Healthcare facilities across the United States are on high alert for the presence of a virus that has been spreading rapidly to several states across the country.
Cases of a dangerous mosquito-borne disease have been reported from Alabama and New York. This virus, known as eastern equine encephalitis, is transmitted to humans from these animals.
Therefore, the reported cases showed various symptoms including fever, headache, fatigue and muscle pain. However, experts say that this disease can be fatal in advanced stages, as high fever, body stiffness and seizures can lead to death.
According to the Alabama Department of Public Health, weather is the primary reason for the spread of this virus. The temperature fluctuations have given free rein to the evolution of the mosquitoes responsible for this situation. The result is that certain counties lack vaccines or specialized treatments to treat the cases, leading to greater vulnerability.
Everyone is susceptible to infection, but the population under the age of 15 and over the age of 50 can be most affected, making them the high-risk group. The virus can also have negative consequences for horses.
In most cases, there are no symptoms at first, and the infection can be asymptomatic until cleared automatically. However, recently there have been cases in which the situation was not like this, but the patients had the symptoms mentioned above.
On the other hand, based on data from the US Centers for Disease Control and Prevention (CDC), one-third of patients who develop encephalitis end up fatal. Patient death usually occurs between two and ten days after symptoms appear, but it can occur much later.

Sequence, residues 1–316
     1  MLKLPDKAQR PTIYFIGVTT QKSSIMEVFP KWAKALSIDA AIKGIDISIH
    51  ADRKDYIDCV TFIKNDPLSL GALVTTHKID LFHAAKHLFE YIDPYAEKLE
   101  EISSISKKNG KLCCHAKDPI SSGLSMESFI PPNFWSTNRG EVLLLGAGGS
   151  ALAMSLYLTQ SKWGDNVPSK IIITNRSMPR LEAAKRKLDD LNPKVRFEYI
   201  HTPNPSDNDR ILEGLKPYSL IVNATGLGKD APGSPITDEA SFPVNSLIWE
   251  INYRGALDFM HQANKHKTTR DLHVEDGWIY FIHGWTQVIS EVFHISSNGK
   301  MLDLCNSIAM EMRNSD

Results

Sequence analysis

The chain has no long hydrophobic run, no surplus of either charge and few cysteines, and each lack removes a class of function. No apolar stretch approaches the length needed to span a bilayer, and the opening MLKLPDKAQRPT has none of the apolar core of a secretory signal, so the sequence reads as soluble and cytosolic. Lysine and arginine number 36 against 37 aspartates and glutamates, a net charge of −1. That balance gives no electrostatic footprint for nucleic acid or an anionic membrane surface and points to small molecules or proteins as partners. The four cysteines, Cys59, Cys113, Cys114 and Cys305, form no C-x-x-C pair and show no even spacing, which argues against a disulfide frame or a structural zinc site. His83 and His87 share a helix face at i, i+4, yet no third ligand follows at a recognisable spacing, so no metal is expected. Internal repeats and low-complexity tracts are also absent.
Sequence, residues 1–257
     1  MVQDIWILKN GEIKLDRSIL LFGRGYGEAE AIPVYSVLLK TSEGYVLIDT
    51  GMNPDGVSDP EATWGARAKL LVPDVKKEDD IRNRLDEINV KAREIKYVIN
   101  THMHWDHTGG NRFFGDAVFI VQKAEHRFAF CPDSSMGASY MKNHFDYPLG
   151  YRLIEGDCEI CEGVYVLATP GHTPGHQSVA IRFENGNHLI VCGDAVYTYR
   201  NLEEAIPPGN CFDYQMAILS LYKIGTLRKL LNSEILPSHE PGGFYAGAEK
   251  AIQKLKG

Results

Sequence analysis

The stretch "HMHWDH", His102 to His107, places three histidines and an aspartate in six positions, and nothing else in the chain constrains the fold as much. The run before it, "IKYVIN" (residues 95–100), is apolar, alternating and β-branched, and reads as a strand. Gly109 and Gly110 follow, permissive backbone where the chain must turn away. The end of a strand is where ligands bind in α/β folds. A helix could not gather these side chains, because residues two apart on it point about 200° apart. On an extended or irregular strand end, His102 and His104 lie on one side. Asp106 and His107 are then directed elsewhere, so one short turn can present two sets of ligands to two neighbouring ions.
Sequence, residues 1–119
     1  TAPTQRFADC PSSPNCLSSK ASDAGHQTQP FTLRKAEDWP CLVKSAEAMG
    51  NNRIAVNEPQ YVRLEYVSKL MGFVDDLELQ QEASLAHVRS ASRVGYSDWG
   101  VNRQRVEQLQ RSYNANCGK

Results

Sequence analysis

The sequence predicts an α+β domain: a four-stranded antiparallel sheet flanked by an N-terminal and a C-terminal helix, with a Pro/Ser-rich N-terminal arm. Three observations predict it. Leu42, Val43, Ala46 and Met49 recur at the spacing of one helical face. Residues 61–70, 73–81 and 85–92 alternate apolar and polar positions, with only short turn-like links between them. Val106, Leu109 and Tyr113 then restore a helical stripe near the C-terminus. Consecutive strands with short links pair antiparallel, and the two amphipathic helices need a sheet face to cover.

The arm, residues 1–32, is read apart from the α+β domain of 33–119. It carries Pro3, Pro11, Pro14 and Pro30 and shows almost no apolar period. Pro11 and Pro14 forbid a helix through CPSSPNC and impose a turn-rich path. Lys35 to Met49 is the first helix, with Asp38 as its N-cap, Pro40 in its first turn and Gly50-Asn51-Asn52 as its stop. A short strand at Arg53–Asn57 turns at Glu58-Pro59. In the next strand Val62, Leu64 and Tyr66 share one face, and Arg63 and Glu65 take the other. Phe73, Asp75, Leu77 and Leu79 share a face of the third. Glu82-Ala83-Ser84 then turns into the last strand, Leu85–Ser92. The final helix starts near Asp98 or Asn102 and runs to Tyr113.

In the absence of vaccines to prevent contagion, experts recommend encouraging self-care through the use of insect repellents, wearing clothing that does not expose multiple areas (avoid short-sleeved shirts or shorts), and implementing appropriate control measures. in the presence of insects in houses (avoid standing water or maintaining humidity).
The appearance of mosquitoes is noticeable at dawn and dusk, so effective care must be taken at these times. In addition, the authorities fumigate the region weekly against mosquitoes, so that the risk of infection is significantly reduced.
The following recommendations are also made for the population:
- To protect yourself from mosquito bites at home, the best way is to prevent mosquitoes from entering your home.
- Install fly screens on windows, doors, vents, and chimneys.
- Use surface bug sprays both inside and outside the home to kill mosquitoes.
- Apply an effective mosquito repellent containing picaridin or diethyltoulamide (DEET) to all exposed skin.
- Eliminate standing water around the house to keep mosquitoes from breeding.
- Change the water in pet drinking bowls, bird baths, and vases at least once a week.
- Check and maintain rainwater tanks and water storage tanks to ensure screens are intact and limit mosquito entry.